BASEBALL 1993 : A Tough Act to Follow : Departure of Crowd Favorite Winfield Puts Pressure on New Blue Jay Molitor


As long as Paul Molitor can replace Dave Winfield as the designated hitter, as long as Toronto is able to find a fifth starter who can win at least 10 games, then the Blue Jays will win the American League East.

That’s if they beat Baltimore.

But repeat as world champions? If they beat Atlanta.

“This is a very good ballclub,” right fielder Joe Carter said. “I know a lot of people are going to compare this team to last year’s team, and that team was an awesome team, with a lot of strengths and not too many weaknesses.

“This year, there are a couple of question marks going into the season. We’ve shifted more from a power team to a team that is going to steal a lot of bases. Once the season starts, I think people will look back and say this is going to be a great ballclub.”


The fans have their doubts. The Blue Jays returned to the SkyDome in March for two exhibitions against the Dodgers. At the time, they had won only three spring games and lost 12. In the first game, the Dodgers, the team with the worst record in baseball last season, routed them, 11-4.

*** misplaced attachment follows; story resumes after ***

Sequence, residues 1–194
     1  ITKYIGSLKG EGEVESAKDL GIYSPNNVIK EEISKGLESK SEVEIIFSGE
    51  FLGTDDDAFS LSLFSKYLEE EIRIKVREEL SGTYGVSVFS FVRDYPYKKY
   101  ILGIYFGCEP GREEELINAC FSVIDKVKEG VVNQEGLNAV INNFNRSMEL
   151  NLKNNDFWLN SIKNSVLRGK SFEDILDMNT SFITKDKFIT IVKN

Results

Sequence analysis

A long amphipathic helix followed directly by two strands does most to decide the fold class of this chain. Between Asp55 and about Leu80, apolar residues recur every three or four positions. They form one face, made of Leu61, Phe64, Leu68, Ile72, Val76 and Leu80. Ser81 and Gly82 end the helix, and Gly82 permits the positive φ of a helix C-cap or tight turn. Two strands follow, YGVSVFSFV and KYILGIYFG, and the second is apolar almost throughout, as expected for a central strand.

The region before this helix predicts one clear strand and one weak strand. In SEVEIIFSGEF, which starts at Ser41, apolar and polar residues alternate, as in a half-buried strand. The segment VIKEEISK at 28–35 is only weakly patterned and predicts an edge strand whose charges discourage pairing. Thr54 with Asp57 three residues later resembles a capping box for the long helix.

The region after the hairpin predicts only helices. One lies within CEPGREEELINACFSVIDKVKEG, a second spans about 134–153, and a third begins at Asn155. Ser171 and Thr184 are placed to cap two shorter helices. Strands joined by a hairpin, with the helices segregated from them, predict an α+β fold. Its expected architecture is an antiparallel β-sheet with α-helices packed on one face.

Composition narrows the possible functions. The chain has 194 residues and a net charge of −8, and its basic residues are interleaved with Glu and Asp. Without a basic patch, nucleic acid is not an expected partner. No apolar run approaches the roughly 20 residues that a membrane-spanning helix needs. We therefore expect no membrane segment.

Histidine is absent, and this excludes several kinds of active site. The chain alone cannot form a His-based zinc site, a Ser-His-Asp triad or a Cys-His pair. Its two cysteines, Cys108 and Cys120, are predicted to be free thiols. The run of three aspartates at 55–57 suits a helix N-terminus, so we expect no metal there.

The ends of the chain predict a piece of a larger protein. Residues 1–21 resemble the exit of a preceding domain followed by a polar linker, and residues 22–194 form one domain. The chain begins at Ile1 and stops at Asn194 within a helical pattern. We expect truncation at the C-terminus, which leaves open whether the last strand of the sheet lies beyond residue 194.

“I got home last night, and my wife said, ‘We can’t even win one at the ‘Dome?’ ” said Henry Morrison, who works at the stadium. “This town is terrible for jumping on and off the bandwagon. With only three wins, they are wondering why we gave Winfield away. Now, everyone is looking at Molitor to take his place. But the fans can be nasty.”

During the winter, the Blue Jays lost nine players from their 25-man roster to free agency, 13 players from the 40-man roster. Seven were an integral part of the team that won the World Series, including designated hitter/outfielder Winfield, Candy Maldonado, shortstop Manny Lee, third baseman Kelly Gruber, and pitchers David Cone, Jimmy Key and Tom Henke.

“I wish those guys were going to be here opening day, so I could give them their (World Series) rings,” Toronto Manager Cito Gaston said.

That’s not the only reason Gaston wishes they were here.

Toronto, one of the richest franchises in baseball, also had the highest payroll last season--$45.5 million--and for the second consecutive season, the club had total attendance of more than 4 million, the best in baseball. But the club’s profit was only $6 million.